I experience hope for other people, or in transient form like hope for better weather tomorrow, but when it comes to anything more substantial to do with myself, it’s been a long time.
This is a direct result of my mental illness (major depressive disorder) rather than a consistent way of looking at the world. Back in the day, I didn’t need an actual reason to feel hope — it was just there. The future looked like a very pleasant place. Now, spontaneous hope seems utterly foreign. Instead, I look for things that would provide some sort of basis for hope, and I just don’t see anything.
Hope is by its very nature future-oriented.
I generally try to think about the present rather than the future, but when I do look into that crystal ball, it’s not a happy picture at all.
So why would I feel hope?
A paper in the journal Research on Social Work Practice says that mindfulness meditation can increase hope by decreasing stress.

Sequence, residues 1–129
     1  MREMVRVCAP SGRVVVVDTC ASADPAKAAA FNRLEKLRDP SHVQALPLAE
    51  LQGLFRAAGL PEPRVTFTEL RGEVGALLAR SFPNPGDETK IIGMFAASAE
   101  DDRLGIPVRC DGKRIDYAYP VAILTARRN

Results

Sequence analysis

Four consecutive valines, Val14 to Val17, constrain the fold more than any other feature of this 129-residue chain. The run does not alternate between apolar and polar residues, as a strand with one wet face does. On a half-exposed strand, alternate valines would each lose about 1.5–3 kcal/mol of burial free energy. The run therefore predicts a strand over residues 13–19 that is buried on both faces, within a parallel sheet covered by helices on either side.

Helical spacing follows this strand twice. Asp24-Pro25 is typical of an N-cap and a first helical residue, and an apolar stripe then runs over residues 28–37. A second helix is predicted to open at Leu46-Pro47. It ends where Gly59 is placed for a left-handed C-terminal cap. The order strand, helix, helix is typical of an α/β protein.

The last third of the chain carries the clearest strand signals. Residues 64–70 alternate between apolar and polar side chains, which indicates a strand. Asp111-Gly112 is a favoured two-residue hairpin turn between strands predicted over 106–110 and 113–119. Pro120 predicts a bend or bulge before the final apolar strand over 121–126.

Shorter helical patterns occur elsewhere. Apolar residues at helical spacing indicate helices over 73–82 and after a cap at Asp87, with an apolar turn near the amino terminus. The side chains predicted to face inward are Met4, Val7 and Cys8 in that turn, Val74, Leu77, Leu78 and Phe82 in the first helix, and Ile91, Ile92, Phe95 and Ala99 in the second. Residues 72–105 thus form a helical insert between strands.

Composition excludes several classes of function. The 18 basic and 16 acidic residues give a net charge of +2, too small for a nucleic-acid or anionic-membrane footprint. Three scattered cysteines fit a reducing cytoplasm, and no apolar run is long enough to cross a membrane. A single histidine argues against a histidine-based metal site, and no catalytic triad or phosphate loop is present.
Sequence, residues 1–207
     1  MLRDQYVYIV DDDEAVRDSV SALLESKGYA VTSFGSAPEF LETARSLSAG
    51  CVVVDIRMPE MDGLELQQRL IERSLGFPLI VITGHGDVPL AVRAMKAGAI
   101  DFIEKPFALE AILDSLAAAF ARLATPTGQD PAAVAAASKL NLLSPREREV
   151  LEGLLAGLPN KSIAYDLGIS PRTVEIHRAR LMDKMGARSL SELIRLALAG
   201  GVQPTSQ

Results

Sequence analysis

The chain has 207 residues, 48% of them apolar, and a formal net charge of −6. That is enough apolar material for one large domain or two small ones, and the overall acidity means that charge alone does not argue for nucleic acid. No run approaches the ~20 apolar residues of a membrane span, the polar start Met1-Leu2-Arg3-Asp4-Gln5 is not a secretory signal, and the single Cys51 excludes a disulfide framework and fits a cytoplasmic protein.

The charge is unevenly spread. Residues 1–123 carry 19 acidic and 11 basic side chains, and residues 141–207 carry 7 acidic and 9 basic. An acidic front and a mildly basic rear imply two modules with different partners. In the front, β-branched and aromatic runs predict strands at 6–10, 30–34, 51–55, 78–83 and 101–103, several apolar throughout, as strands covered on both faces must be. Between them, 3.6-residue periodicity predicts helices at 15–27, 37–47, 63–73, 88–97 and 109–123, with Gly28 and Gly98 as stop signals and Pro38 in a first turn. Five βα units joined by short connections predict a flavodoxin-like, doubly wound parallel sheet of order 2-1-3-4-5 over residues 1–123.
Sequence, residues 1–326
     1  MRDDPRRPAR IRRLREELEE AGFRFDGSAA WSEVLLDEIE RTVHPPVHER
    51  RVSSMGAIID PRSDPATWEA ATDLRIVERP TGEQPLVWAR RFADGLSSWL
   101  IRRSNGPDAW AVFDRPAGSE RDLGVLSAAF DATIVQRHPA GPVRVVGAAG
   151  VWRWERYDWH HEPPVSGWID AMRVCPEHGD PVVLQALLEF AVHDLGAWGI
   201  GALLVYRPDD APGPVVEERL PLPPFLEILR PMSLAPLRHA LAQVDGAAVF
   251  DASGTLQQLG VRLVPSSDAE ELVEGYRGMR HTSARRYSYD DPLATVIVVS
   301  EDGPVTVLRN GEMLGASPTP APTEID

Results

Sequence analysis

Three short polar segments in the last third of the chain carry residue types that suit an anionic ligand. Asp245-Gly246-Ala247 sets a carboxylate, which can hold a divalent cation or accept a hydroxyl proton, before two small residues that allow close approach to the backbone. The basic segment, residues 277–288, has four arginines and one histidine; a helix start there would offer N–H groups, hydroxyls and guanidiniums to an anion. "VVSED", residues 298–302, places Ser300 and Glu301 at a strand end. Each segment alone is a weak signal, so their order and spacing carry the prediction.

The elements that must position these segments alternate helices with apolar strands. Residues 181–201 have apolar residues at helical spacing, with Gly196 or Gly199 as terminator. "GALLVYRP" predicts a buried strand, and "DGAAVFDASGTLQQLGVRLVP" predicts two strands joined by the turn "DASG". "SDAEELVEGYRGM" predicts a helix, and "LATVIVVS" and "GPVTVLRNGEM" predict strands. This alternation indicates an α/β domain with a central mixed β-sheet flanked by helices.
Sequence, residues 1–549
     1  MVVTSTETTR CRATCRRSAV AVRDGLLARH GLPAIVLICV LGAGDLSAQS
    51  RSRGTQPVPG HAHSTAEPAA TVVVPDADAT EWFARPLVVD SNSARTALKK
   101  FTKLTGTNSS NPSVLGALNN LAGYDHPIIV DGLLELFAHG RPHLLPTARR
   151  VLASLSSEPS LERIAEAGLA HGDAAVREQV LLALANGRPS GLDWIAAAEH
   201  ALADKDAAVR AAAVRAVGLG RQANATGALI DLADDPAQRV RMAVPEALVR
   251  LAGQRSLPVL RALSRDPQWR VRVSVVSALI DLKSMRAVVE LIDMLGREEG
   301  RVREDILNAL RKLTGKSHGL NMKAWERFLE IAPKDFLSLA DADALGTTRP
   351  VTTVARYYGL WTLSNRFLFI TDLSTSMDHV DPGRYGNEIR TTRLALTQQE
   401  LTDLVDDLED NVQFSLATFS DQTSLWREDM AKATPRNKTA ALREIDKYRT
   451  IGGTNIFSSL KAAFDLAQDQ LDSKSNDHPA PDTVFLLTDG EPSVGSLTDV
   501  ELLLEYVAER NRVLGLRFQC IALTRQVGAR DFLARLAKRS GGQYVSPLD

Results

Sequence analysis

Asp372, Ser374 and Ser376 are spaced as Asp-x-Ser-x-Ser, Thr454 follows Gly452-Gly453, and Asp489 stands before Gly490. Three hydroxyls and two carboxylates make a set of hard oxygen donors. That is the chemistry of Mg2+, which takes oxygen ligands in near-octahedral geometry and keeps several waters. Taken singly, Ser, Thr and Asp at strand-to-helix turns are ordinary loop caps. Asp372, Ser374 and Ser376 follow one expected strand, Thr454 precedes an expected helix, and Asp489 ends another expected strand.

That’s all well and good if stress is what’s standing in the way of hope, but otherwise I fail to see a connection between mindfulness and hope.
Mindfulness is about the present moment while hope is about the future, so I’m not sure why being present in the now is going to give me any confidence in positive outcomes in the future.
In my mind, there’s a difference between an absence of hope and the presence of hopelessness.
I see hopelessness as a more active emotional state that’s associated with despair.
It’s like the opposite of hopefulness. Absence of hope is more passive; there’s just no apparent reason to feel any hope, and it plunks you down somewhere in the middle of hopefulness and hopelessness.
For me, the absence of hope is not connected with suicidal thinking, while hopeless despair can be. Absence of hope has become my baseline state, while active hopelessness only flairs up every so often. It’s been several years since my depressive illness became treatment-resistant and hope became a thing of the past, and it’s been long enough that it’s hard to recall what it felt like to have hope for my own future.
I’ve gotten used to a world without hope. It’s a darker world than the one I used to live in, but I’ve adapted.
Do you see a difference between hopelessness and an absence of hope?
Originally published at https://mentalhealthathome.org on January 23, 2020.